• Silvar
  • Arvo
  • Ardi
  • Ahti
  • Ahto
  • Aare

In comparison, these are all the Swedish similar names I can come up with:
  • Marie
  • Maria
  • Peter
  • Petter
  • Caroline
  • Carolina

Tuesday, August 05, 2008

R.I.P. Aleksandr Solzhenitsyn 1918 - 2008 (August 3, aged 89)

This last Sunday, Aleksandr Solzhenitsyn (Russian: Алекса́ндр Солжени́цын) a true hero of the Soviet people, passed away from a heart attack (DN writes about it here, SVT Rapport obituary here).

While serving in the Soviet Red Army Solzhenitsyn was in a kafkaesque fashion convicted to an eight-year labour camp prison term for making some joking comments about the communist leaders in a private letter to a friend. After serving that term, he still had to suffer an "internal exile" which among other things meant he just barely could get his lifethreatening cancer treated.

During his internal exile after the prison term, with risk for his own life, Solzhenitsyn wrote and managed to smuggle his monumental work The Gulag Archipelago (Russian: Архипелаг ГУЛАГ) out of the Soviet Union. For this he was awarded with the 1970 Nobel prize in literature.

"The Gulag Archipelago" describes the structure of, and life in the Soviet prison system. The Gulag is the name of the prison system as such, forming an "archipelago" with it's "islands" present throughout Soviet cities and in the wilderness in the form of detention prisons, transit prisons and labor camps. The book is so detailed that the cruelty of the system becomes almost surreal and humorous as Solzhenitsyn paints an impressive picture of the thoughts, characteristics and actions of these people who in any other situation would be considered innocent but in the Soviets were prisoners.

It is said to have been Solzhenitsyn's biggest dream to get to return to his beloved Russia as a free man, and so now he finally did. He was particilarly respected by the Swedish people because of how he with a gentle hand enlightened us of the scale of a genocide well comparable to the holocaust.

(Update: Since this is a blog and not some official obituary, I'll allow myself to mention another Estonian hero in the struggle for freedom from the Soviets. Andres Küng (his old homepage here) was a Swedish-Estonian journalist, writer, politician and entrepreneur who wrote numerous books about the nation, being exiled from his parents' Estonia up until just before it gained independence. I have been reading his book Estonia Awakens (the book seems only available in Swedish translation) and it is amazing to read Estonian history told "from the middle" so to say (the book is published in -88). Because, as is said in The Black Swan, history is written going backwards)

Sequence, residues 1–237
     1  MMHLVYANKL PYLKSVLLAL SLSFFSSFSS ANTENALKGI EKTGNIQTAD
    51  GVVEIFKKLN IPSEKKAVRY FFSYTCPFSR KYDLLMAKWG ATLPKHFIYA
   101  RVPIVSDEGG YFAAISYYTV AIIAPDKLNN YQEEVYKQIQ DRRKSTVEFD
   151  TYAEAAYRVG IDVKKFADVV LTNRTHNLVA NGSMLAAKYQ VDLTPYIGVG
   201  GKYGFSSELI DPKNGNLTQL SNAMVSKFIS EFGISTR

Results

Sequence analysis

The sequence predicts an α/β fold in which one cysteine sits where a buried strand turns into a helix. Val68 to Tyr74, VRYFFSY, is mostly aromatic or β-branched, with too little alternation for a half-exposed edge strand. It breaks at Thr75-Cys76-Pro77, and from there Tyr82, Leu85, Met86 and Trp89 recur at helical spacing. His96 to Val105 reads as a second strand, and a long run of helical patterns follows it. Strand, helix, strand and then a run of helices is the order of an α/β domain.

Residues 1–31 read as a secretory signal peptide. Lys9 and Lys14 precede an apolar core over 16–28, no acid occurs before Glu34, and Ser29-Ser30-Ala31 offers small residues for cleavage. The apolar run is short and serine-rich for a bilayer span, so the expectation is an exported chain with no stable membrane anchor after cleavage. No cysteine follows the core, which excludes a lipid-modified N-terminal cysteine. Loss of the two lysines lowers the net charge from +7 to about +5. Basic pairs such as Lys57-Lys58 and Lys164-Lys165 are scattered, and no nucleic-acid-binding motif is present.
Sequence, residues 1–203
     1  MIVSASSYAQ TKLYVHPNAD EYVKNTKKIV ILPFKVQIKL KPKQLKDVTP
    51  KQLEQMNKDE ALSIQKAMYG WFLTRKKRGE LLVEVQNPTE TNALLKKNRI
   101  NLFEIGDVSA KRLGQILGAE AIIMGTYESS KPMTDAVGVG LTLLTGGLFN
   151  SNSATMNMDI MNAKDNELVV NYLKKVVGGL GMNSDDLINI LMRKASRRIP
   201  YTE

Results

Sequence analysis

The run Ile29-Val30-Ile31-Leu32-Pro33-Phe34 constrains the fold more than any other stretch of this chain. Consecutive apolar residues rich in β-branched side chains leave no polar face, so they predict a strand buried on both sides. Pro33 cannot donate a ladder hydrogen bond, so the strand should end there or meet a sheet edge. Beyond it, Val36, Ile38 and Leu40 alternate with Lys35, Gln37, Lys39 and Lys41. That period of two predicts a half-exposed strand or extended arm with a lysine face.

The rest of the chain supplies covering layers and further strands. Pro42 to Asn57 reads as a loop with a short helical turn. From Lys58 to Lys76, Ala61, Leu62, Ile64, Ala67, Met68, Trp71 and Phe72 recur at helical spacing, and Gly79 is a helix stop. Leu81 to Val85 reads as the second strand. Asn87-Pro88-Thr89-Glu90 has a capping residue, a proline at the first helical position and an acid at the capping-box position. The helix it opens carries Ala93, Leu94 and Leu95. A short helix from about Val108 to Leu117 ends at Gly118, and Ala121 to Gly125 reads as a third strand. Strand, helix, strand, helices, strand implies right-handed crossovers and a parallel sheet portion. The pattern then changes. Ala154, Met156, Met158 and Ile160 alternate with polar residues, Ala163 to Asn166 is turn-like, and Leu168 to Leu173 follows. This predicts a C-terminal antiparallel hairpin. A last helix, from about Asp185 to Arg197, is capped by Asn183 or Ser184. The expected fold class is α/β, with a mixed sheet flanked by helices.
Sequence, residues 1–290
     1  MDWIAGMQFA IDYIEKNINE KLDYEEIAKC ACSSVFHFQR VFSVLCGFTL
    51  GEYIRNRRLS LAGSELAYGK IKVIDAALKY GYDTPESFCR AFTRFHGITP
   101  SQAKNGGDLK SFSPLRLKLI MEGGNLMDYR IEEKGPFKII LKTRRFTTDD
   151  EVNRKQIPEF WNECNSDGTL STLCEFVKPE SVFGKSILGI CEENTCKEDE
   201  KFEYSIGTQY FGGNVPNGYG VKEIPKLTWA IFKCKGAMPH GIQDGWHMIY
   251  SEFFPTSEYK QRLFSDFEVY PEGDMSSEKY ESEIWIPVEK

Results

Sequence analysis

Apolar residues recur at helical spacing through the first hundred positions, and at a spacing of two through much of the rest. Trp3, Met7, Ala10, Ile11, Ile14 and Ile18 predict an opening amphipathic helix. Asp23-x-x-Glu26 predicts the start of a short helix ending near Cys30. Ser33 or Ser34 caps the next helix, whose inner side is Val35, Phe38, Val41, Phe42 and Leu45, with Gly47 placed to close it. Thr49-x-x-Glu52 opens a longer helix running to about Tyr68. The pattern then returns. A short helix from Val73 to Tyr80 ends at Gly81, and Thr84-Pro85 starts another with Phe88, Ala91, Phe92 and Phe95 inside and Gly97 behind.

(Update 2: Apologies for that my bio of Solzhenitsyn may be both incomplete and erroneous, I'm simply no expert. Also it's worth reading La Russophobe that writes, next to a picture of Solzhenitsyn shaking hand with "president" Putin:
As Viktor Sonkin, a literature columnist for The Moscow Times Context section and a teacher of cultural studies at Moscow State University, wrote in his column: "Solzhenitsyn understood Western society only superficially, and many alarming things he said about it were simply not correct. Rejecting the 'bad totalitarianism' of the Soviet type, Solzhenitsyn was promoting a kind of 'good totalitarianism,' as if there were such a thing in the world."
Solzhenitsyn may have been a hero, but lately he seems to have been generally considered unfit by many. Maybe not so strange considering the experiences he suffered)